Which teams are involved in the competition?
Twenty of the 24 participants reached the competition through the usual qualifiying process, which ran between March and November 2019. Germany are joined by Belgium, Italy, Russia, Poland, Ukraine, Spain, Turkey, France, England, the Czech Replublic, Sweden, Austria, Portugal, Croatia, the Netherlands, Switzerland, Denmark, Wales and, for the first time in the nation’s history, Finland. Fifty-five nations were involved in qualifying. The draw for the group stage is to be held on November 30 in Bucharest.
Who will take the final four spots?
The final four participants will earn qualification through the UEFA Nations League playoffs. This process is to be contested by 16 teams split into four groups (A to D), with the winner of each group qualifying for next summer’s tournament.
The 16 competing nations earned their playoff participation place through the UEFA Nations League, an earlier tournament also consisting of four groups. The winner of each of these groups earned a place in the playoffs. However, some of those nations also qualified through the regular qualifiying process, meaning they do not need a playoff spot. In these cases, the next-best-placed team that hasn’t yet qualified takes their place. Each team will face one of the others in their own group in a one-legged semifinal match; the winner of that game will then face the winner of the other two teams in the final.
The semifinal matchups of the Nations League playoffs are as follows:
A: Bulgaria vs. Hungary, Iceland vs. Romania
B: Bosnia-Herzegovina vs. Northern Ireland, Slovakia vs. Republic of Ireland
C: Norway vs. Serbia, Scotland vs. Israel
D: Georgia vs. Belarus, North Macedonia vs. Kosovo
The team with the higher UEFA ranking will get to host its semifinal match on 26th March. The playoff finals will take place March 30th, with each of the four winners earning a place at Euro 2020. Should they each qualify, Israel, Georgia, Belarus, North Macedonia and Kosovo would join Finland as tournament debutants.
What are the ‘forbidden matches’?
Due to political tensions between some of the participating nations, UEFA has ruled out clashes between some teams. Ukraine, for example, is currently at war with Russia and would not have to play Russia in Saint Petersburg should the scenario arise. Should Kosovo qualify for the tournament, they would not have to face Russia, Serbia or Bosnia-Herzegovina due to political conflicts.
This is because Serbia doesn’t recognize the independence of its former province Kosovo, nor does Russia, which has close political ties with Belgrade. Bosnia-Herzegovina is made up of two entities, including the mainly Serb Republika Srpska, which is also has close ties to Serbia.
However, these “forbidden” games are only actually banned at the group stage, in the knockout phase, theoretically all pairings are possible at all venues. But it seems highly unlikely that Ukraine would be forced to play a round-of-16 match in St. Petersburg, for example. If such a situation arises, the UEFA Emergency Panel, a five-member committee headed by UEFA President Aleksander Ceferin, has the power to make last-minute changes.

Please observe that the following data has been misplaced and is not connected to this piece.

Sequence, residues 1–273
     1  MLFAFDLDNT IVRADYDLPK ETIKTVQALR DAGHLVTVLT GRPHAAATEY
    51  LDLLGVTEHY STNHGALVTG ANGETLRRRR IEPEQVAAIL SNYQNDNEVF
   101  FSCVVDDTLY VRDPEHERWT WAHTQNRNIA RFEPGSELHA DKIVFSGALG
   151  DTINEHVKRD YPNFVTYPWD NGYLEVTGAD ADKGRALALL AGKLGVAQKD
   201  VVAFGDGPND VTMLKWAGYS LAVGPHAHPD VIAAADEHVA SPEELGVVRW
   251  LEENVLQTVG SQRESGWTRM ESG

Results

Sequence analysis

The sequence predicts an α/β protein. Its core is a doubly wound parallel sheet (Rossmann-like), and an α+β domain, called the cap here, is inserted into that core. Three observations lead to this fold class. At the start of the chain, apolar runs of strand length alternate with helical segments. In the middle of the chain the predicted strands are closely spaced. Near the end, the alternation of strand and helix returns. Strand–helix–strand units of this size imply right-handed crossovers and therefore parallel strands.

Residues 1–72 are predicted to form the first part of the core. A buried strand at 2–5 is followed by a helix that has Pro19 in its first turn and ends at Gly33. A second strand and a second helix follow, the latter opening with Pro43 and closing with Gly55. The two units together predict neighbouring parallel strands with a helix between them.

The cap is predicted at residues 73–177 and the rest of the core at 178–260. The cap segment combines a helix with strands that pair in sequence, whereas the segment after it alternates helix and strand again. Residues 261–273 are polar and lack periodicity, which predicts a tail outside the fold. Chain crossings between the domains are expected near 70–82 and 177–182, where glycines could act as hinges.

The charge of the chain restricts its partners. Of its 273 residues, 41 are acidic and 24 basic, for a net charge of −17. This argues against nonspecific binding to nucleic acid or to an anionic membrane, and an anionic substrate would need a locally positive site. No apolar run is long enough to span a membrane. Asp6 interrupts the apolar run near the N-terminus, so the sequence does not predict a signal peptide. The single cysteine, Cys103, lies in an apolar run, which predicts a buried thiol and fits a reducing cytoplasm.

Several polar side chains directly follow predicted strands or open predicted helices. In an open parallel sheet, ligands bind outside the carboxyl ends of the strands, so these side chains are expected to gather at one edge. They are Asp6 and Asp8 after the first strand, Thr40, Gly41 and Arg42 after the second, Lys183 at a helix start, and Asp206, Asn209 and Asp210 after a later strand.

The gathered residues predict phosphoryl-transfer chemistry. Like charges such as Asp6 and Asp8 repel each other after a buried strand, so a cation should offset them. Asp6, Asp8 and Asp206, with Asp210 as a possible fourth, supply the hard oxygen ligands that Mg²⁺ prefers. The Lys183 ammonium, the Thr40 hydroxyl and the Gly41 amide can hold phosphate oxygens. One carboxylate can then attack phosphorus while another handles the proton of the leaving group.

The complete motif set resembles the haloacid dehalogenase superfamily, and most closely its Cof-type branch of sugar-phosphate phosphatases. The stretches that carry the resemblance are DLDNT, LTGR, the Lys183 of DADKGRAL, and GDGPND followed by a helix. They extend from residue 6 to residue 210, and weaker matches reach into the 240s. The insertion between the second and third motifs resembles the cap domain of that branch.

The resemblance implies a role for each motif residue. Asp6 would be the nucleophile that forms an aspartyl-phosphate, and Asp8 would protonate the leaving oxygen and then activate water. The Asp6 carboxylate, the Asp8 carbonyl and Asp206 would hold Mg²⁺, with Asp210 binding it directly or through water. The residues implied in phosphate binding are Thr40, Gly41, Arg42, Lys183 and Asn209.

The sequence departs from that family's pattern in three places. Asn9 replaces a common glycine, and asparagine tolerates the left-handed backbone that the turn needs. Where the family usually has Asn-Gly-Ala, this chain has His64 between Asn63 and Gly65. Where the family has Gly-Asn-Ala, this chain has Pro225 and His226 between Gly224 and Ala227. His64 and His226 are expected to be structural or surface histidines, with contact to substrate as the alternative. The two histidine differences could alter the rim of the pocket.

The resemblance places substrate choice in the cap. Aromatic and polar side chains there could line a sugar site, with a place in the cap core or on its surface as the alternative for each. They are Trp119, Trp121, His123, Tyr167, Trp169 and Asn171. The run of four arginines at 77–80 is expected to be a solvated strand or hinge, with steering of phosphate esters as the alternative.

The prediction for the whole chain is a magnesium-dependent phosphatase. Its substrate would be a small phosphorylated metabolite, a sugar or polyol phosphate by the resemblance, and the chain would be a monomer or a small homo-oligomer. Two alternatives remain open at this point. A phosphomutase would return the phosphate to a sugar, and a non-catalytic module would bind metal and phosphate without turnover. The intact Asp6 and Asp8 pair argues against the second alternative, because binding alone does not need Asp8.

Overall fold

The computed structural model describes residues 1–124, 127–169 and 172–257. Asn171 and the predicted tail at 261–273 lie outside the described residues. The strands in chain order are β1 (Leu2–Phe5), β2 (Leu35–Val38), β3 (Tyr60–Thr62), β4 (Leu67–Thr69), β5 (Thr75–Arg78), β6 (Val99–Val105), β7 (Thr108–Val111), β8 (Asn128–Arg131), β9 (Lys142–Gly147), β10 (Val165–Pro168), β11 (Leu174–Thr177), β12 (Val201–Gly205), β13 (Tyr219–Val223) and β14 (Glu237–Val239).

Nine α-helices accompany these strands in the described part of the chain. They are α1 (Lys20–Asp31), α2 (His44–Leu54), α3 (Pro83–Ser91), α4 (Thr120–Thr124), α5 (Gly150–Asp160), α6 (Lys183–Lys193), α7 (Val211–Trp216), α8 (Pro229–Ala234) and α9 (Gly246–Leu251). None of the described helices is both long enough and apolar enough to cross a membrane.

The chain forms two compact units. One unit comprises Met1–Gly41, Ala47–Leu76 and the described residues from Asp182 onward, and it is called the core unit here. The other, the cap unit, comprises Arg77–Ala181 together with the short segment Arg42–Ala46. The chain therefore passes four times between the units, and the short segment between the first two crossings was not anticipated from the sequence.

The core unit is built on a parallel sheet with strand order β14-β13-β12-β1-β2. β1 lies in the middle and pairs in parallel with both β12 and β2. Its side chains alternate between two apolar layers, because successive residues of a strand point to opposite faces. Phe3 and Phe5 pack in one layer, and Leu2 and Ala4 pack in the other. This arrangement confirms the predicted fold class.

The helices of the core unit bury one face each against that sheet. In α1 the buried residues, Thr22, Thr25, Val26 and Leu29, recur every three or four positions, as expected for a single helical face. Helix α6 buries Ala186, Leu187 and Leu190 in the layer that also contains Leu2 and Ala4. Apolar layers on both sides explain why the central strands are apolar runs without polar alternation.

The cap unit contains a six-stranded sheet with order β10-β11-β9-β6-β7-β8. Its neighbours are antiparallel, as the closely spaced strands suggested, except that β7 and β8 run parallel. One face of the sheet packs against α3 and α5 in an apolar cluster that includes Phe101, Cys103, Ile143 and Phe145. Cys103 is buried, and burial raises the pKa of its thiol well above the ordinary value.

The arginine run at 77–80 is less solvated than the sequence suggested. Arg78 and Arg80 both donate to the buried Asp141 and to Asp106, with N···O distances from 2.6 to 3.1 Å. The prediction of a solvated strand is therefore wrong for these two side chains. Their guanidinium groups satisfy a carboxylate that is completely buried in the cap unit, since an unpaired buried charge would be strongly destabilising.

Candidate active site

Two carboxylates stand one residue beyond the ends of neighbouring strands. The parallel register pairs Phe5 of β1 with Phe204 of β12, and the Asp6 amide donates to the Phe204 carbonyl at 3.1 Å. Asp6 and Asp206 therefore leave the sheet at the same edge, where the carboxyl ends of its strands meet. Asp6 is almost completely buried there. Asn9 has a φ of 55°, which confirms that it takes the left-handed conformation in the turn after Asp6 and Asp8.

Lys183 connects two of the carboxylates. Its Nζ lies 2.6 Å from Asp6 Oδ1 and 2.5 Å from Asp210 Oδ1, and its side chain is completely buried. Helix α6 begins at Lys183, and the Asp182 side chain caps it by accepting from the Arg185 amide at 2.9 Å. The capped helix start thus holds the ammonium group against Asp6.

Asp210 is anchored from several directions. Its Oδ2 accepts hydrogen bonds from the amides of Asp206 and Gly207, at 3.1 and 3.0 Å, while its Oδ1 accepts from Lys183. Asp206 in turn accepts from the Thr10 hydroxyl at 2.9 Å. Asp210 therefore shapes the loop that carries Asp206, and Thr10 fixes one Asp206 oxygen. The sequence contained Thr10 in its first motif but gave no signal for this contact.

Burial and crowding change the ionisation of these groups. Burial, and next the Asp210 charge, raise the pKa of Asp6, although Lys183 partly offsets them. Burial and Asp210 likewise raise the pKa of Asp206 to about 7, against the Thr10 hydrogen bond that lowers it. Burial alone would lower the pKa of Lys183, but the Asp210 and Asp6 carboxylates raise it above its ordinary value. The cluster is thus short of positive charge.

Where are the matches to be played?
EURO 2020 is the first pan-European, European championship. It is to be played at 12 venues in 12 countries. The venues are Rome and Baku (Group A), St Petersburg and Copenhagen (Group B), Amsterdam and Bucharest (Group C), London and Glasgow (Group D), Bilbao and Dublin (Group E) and Munich and Budapest (Group F). The semifinals and final are to be played at Wembley Stadium in London.
Teams that have qualified through the usual qualifying process and are also co-hosts are to play at least two of their group-stage matches at home. If the other co-host in their group failed to qualify directly, the single co-host in the group gets three home games. Germany, for example, qualified directly, but partner country Hungary is having to try to do so through the playoffs. That’s why Germany will have three home games in Munich – including a possible match against Hungary. If Hungary do qualify through the playoffs, they would get two home games. In Group B, on the other hand, both Russia and Denmark qualified directly, so now a draw will have to be held to decide which of the two will play at home when they meet each other in the group.
Why is EURO 2020 pan-European?
The idea of not awarding the European Championship to one host but to spread it over the entire continent is the brainchild of former UEFA President Michel Platini. In the summer of 2012, the Frenchman proposed hosting a “EURO for Europe” to mark UEFA’s 60th anniversary. The idea was to bring the matches closer to the fans across the continent, while spreading the cost of holding the tournament over several national associations.
“We will play in 12 cities in 12 different countries, so each country only has to build a stadium and an airport,” Platini said at the time. “I think this is a great idea during the economic crisis.”
In December 2012, UEFA approved Platini’s proposal, turning down bids to host the tournament from Turkey, as well as the joint bids from Ireland, Scotland and Wales, as well as Azerbaijan and Georgia.
Critics argue that spreading the matches over the entire continent will take away from the tournament atmosphere that tends to be generated when there is single host nation. The distances between the venues are also a problem. It’s about 5,500 kilometers (3,417 miles) from Bilbao in the west to Baku in the east. It’s also about 2,400 kilometers from St. Petersburg in the north and Rome in the south.
asz/sn/pfd (dpa, SID, UEFA.com, sportschau.de
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